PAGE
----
Albert Pujols Returning to St. Louis Cardinals for Final Season of Career

It’s the last hurrah for Albert Pujols

The 42-year-old Dominican professional baseball first baseman and future Baseballl Hall of Famer has signed a one-year deal, reportedly worth $2.5 million, with the St. Louis Cardinals.

Albert PujolsPujols is returning to the city where he launched his Major League Baseball career back in April 2001. His goal: to help St. Louis make a run for another World Series championship.

Pujols is hoping to summon the same magic he had during his previous run with the Cardinals from 2001-11, when he produced two championships, three MVP awards and a 10-year streak of hitting at least .300 and smashing 30 or more home runs.

“For me, I think I’m here for a reason,” said Pujols, who earlier in the day emerged from beyond the right-field fence at Roger Dean Stadium and walked down the foul line to join his Cardinals teammates in the dugout in their 2-1 loss to the Astros. “They believe I can still play this game and they believe I can help this organization win a championship. And myself, I believe in that, too.”

Pujols — considered one of the greatest players in the rich history of the Cardinals, right alongside of Hall of Famers Stan Musial, Bob Gibson, Lou Brock and Ozzie Smith — rejoins the franchise at a time when catcher Yadier Molina is entering his 19th and final season, and pitcher Adam Wainwright could be about to exit as well.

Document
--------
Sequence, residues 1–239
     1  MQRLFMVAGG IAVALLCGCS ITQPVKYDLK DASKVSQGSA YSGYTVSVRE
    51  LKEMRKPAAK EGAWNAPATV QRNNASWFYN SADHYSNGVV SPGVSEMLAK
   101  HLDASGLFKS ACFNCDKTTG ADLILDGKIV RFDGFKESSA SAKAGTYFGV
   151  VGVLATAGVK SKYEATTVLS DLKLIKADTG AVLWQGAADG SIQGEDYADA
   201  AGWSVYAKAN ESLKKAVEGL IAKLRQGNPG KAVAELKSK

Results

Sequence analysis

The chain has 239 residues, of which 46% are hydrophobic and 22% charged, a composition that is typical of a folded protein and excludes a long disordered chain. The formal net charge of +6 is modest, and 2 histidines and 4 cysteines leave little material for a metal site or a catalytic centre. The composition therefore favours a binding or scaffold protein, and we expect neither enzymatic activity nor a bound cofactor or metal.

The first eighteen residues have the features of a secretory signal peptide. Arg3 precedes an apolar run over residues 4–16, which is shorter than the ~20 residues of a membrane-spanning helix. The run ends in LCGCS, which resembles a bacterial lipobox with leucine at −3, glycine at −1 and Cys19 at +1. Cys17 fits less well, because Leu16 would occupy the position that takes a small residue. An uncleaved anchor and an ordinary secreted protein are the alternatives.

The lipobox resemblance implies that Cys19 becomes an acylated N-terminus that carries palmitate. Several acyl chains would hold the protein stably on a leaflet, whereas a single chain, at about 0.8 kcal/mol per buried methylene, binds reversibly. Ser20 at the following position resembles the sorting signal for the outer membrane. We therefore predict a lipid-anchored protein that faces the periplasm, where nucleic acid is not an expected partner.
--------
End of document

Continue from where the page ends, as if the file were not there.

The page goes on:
Wainwright, who allowed two runs on four hits in five innings on Monday, believes Pujols will be on a mission to show he has plenty left in the tank as a hitter.

“He seems like he’s in good shape, and he’s motivated,” said Wainwright, who noted that Pujols woke him up from his pregame nap on Monday with a “bear hug.”

“Any time Albert is motivated, it’s a very, very dangerous thing,” Wainwright said. “He’s motivated to show people that he’s not too old or over the hill. I don’t think he wants this to be nostalgic; he wants to go out and prove something. That chip is a good one to put on your shoulder. It’s cool to be loved, that’s a nice thing, and nobody is more beloved than he is. But he wants to prove himself.”

Cardinals owner Bill DeWitt Jr. saw an immediate response from the addition of Pujols — he spotted a fan wearing a No. 5 jersey when he pulled into the team’s headquarters Monday morning. DeWitt Jr. called the signing “the highlight of the spring.”Top of Form

Bottom of Form

Pujols enters the season 21 home runs shy of 700 — with much of that damage coming from his historic run with the Cardinals for 11 seasons. He hit .328 and clubbed 445 home runs with the Redbirds, was named an MLB All-Star nine times and won the Gold Glove Award twice.